A response in favor of the plaintiffs’ recent request for the consolidation of every Tylenol autism litigation into another MDL class action has been filed by the plaintiffs within the acetaminophen lawsuits. The Reply brief challenges the legal justifications put forth by several defendants in opposition to consolidation. The Reply claims that more than enough active cases are in the pipeline to support an MDL. The Northern District of California is again asserted in the Reply as the MDL’s most sensible venue choice.
Aug 2, 2022: Brief MDL Opposition
The motion to combine all Tylenol autism complaints into a fresh class action MDL was opposed by the defendants, who submitted documents in response to the motion. Although each defendant submitted a different objection, some common themes exist among the four briefs.
The opposition briefs point out that Tylenol autism lawsuits were merely brought against retail defendants, leaving out necessary parties (i.e., the actual acetaminophen producers).
Second, they argue that there are too many defendants and insufficient acetaminophen autism cases currently in litigation.
According to the defense opposition, the Eastern District of New York or the District of New Jersey would be the more suitable venues if the Tylenol litigation is merged. They also oppose the plaintiffs’ preferred forums.
Research or Studies Linking Autism and Tylenol
Over the past few years, acetaminophen use during pregnancy has been linked to an increased chance of the child developing ADHD or autism spectrum disorder, according to research from prestigious schools or universities, scientists, specialists, and doctors.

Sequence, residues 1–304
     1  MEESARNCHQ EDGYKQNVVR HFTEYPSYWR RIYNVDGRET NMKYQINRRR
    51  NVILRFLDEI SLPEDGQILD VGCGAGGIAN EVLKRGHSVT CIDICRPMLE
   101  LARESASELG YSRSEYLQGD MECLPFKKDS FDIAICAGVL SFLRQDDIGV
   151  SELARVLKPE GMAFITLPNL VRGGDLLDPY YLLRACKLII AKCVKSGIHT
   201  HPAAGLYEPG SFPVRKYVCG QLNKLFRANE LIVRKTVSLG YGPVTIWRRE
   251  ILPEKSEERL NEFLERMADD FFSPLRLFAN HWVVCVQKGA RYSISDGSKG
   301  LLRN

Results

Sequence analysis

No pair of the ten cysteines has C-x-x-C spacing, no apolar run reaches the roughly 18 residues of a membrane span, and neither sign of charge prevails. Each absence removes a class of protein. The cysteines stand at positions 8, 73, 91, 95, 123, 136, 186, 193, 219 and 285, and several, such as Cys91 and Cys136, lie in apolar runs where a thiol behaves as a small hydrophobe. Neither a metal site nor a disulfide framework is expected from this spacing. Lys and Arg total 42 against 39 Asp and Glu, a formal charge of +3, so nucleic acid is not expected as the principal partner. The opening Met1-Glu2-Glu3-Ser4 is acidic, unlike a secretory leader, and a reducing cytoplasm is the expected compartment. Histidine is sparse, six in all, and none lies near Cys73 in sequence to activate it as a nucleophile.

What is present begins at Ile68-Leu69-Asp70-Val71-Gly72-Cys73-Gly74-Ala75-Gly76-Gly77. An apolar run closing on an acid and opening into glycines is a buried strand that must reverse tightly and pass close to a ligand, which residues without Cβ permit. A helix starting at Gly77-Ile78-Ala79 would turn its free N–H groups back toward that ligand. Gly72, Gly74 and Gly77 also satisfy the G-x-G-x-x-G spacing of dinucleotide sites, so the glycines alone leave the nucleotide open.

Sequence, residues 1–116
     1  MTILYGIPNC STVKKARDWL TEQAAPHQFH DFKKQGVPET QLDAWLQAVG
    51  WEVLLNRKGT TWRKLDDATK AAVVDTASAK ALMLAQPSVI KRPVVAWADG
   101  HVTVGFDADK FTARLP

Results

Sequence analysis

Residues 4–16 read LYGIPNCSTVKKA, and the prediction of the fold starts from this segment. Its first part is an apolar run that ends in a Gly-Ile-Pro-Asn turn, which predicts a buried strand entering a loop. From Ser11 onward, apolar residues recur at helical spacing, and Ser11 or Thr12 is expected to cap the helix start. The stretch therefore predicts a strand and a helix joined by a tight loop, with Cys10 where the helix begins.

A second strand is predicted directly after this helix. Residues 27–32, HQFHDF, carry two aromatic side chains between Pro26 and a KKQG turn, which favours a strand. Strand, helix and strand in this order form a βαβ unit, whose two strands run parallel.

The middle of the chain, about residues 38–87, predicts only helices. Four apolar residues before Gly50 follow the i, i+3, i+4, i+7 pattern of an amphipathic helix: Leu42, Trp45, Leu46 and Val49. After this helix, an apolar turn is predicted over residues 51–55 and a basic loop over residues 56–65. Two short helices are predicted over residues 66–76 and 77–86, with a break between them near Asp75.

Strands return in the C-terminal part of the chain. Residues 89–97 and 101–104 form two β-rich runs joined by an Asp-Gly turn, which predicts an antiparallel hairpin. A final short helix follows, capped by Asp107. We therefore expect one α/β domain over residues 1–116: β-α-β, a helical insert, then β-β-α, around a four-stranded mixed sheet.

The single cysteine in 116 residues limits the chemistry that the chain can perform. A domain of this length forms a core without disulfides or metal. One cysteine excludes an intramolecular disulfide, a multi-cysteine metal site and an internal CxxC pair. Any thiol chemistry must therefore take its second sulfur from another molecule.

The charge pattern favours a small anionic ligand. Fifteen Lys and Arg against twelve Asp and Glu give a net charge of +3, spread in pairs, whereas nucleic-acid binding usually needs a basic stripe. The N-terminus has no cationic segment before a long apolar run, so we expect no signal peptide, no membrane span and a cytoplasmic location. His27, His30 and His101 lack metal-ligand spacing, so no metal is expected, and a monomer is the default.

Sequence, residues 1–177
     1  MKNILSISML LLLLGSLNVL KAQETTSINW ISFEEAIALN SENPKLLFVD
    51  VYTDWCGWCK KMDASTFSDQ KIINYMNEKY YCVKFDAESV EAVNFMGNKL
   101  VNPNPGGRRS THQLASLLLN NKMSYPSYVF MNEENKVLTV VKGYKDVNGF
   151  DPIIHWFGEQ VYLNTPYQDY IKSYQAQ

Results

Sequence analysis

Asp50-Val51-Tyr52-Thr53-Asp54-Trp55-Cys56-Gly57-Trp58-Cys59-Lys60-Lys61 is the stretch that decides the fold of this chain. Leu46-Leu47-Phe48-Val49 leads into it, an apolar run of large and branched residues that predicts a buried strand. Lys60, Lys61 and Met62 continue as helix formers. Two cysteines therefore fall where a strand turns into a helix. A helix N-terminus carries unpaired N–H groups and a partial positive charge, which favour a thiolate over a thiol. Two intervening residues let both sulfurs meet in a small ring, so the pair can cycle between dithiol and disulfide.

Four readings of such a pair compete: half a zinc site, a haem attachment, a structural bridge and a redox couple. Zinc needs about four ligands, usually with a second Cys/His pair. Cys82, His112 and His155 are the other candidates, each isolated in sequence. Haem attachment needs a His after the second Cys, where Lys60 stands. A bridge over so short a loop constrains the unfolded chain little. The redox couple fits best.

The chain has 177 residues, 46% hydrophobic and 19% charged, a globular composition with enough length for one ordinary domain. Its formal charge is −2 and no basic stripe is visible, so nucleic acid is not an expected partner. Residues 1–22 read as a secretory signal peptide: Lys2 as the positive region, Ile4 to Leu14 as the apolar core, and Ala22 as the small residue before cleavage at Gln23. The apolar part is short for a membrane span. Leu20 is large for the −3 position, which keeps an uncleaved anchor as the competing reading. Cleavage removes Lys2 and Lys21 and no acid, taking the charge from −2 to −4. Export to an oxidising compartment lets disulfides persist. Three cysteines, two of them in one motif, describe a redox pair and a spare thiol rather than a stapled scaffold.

Nature Reviews Endocrinology (September 2021)
“A Call for Precautionary Action Regarding Paracetamol Use During Pregnancy”
The conclusion of this consensus statement by a global team of eminent doctors, epidemiologists, and fundamental scientists suggested that pregnant women use acetaminophen “cautiously at the least effective dose over the shortest possible time.” The scientists also demanded that warning labels for this effect be placed on the drug’s packaging. Epidemiological studies that suggest prenatal APAP exposure may raise the likelihood of autistic spectrum disorder and other unfavorable neurodevelopmental and behavioral consequences were a contributing factor in the statement’s emergence.
Jama Psychiatry (February 2020)
“Association of Cord Plasma Biomarkers of Prenatal Acetaminophen Exposure With Risk of Attention-Deficit/Hyperactivity Disorder & Autism Spectrum Disorder in Childhood”
The authors of this study stated that they wanted to go beyond mothers’ self-reporting to understand the connection between maternal acetaminophen use better while pregnant and a higher likelihood of attention-deficit/hyperactivity disorder (ADHD) and autism spectrum disorder (ASD) in their offspring.
Nine hundred ninety-six mother-infant pairs, a subgroup of the Boston Birth Cohort, were examined in the cohort study. They were enrolled at birth and prospectively monitored at the Boston Medical Center from Oct 1, 1998, – Jun 30, 2018. In their study’s conclusion, the researchers found that “the cord biomarkers for fetal exposure to acetaminophen correlate with considerably higher chances of childhood ADHD and ASD within a dose-response fashion.” The authors “support prior studies of the relationship between perinatal and prenatal acetaminophen exposure as well as childhood neurodevelopmental risk” and “warrant additional investigations.”
JAMA Psychiatry (October 2019)
“NIH-Funded Study Suggestion Acetaminophen Exposure During Pregnancy Linked with Higher Risk of Autism, ADHD”